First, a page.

Apple is apparently working on its own, in-house developed modem to allow it to better compete with Qualcomm, according to several new Apple job listings that task engineers to design and develop a layer 1 cellular PHY chip — implying that the company is working on actual, physical networking hardware. Two of the job posts are explicitly to hire a pair of cellular modem systems architects, one in Santa Clara and one in San Diego, home of Qualcomm. That’s alongside several other job postings Apple has listed in San Diego for RF design engineers.
The Information, which spotted the first job posting, cites sources that go a step further, claiming that Apple is not only potentially working to develop its own modem, but is in fact specifically targeting it for use in future iPhones, with the company looking to leave longtime partner Intel behind in favor of its own, in-house solution.
According to The Information’s report, the new modem would still be years away, with even Apple’s purported 5G iPhone slated for 2020 using Intel’s in-development 5G modem instead. It makes sense logically, too — if Apple is only just starting to hire now, it’ll take at least a few years before it’ll actually be ready to ship hardware. But the move would have big ramifications for the mobile space, particularly for Qualcomm and Intel, two of the biggest modem suppliers in the world.
Intel simply hasn’t been keeping up performance-wise compared to Qualcomm’s modems
Historically, Apple has used a mix of Qualcomm and Intel modems in its devices, but the two companies have been on the outs since the beginning of 2017, when Apple sued Qualcomm over anti-competitive prices, accusing the modem supplier of overcharging it. That set off the current ongoing fight between Apple and Qualcomm, which has seen the iPhone maker abandon Qualcomm’s chips in favor of only using Intel modems for the iPhone XS and XR, and Qualcomm’s own attempt to try to ban Apple’s iPhones from being sold in the US and China.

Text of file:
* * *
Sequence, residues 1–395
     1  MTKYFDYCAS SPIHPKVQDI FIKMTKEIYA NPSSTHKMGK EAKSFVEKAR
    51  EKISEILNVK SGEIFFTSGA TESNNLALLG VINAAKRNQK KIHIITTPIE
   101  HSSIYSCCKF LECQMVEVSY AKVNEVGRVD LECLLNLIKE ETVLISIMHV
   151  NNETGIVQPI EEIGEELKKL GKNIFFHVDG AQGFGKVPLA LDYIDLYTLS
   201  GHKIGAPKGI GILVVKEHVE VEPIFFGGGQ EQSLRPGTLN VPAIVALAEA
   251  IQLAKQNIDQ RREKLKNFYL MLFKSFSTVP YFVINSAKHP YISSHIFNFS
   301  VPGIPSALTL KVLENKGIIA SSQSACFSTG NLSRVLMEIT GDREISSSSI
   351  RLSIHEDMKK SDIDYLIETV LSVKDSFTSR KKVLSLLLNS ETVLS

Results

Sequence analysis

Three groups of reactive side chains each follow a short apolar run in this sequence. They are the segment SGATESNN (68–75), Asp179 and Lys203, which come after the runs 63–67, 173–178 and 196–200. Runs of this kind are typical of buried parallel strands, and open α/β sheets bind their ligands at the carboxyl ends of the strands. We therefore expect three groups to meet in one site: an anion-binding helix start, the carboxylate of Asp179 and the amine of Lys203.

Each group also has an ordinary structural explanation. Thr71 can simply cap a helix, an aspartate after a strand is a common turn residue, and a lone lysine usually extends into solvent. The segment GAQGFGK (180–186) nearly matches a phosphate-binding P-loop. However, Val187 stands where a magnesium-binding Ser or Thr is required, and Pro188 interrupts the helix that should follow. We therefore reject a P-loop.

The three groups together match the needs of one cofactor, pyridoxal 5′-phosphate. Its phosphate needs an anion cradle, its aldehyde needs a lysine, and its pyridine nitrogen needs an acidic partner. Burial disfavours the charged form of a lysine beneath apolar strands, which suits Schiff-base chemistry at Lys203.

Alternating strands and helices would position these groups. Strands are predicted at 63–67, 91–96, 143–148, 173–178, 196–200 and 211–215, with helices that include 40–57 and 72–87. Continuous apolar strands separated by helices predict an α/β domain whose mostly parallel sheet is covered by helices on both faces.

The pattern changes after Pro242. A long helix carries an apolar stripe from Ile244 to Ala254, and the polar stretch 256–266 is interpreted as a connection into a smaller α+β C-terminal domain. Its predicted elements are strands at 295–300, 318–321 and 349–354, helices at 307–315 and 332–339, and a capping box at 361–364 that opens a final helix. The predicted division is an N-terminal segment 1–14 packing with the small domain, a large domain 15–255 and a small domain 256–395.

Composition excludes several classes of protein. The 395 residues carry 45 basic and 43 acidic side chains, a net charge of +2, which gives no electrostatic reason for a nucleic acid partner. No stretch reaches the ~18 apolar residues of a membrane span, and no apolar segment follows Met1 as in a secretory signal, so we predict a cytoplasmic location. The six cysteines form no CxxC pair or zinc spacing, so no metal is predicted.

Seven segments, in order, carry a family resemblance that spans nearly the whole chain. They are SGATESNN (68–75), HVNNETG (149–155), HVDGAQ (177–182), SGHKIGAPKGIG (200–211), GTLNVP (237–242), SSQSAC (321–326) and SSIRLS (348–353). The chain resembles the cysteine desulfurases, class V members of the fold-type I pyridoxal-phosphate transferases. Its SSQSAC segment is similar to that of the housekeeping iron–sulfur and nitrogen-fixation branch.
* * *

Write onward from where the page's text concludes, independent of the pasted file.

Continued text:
The problem for Apple, though, is that it can choose to use Intel’s modems, but when it comes down to hard numbers, Intel simply hasn’t been keeping up performance-wise compared to Qualcomm’s modems. A recent analysis of Ookla speed tests found that Qualcomm’s Snapdragon 845 offered dramatically better speeds than devices with Intel modems. It wasn’t a small gap either — the results (admittedly, collected from Ookla by Qualcomm) saw 40 percent faster download speeds and 20 percent faster uploads for Qualcomm modems compared to Intel ones. And among the more tech savvy, intentionally buying the Qualcomm variant of the iPhone over the Intel modem version (back in earlier hardware generations when the choice was still there) was seen as the way to go.
Apple has long been developing its own mobile processors for its iPhone and iPad devices with its A-series chips — branching out into a custom-built modem, where it can further control the specific hardware for its devices, could offer similar success to the performance Apple has already achieved with its computational silicon. It’d also mirror similar moves from competitors like Samsung and Huawei, who also use their own in-house modem and processor stacks for a cohesive hardware experience, albeit in phones that are only available in the US through imports, for now.